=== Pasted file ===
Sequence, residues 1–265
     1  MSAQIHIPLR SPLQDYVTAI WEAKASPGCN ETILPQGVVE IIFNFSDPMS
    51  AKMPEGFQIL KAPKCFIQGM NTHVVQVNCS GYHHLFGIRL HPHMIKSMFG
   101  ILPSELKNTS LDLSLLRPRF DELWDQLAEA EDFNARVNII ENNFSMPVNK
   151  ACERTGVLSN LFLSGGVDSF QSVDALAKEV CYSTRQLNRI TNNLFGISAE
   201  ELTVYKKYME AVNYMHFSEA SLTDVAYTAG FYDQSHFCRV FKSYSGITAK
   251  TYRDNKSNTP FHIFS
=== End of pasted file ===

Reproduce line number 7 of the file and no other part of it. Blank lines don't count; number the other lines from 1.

   251  TYRDNKSNTP FHIFS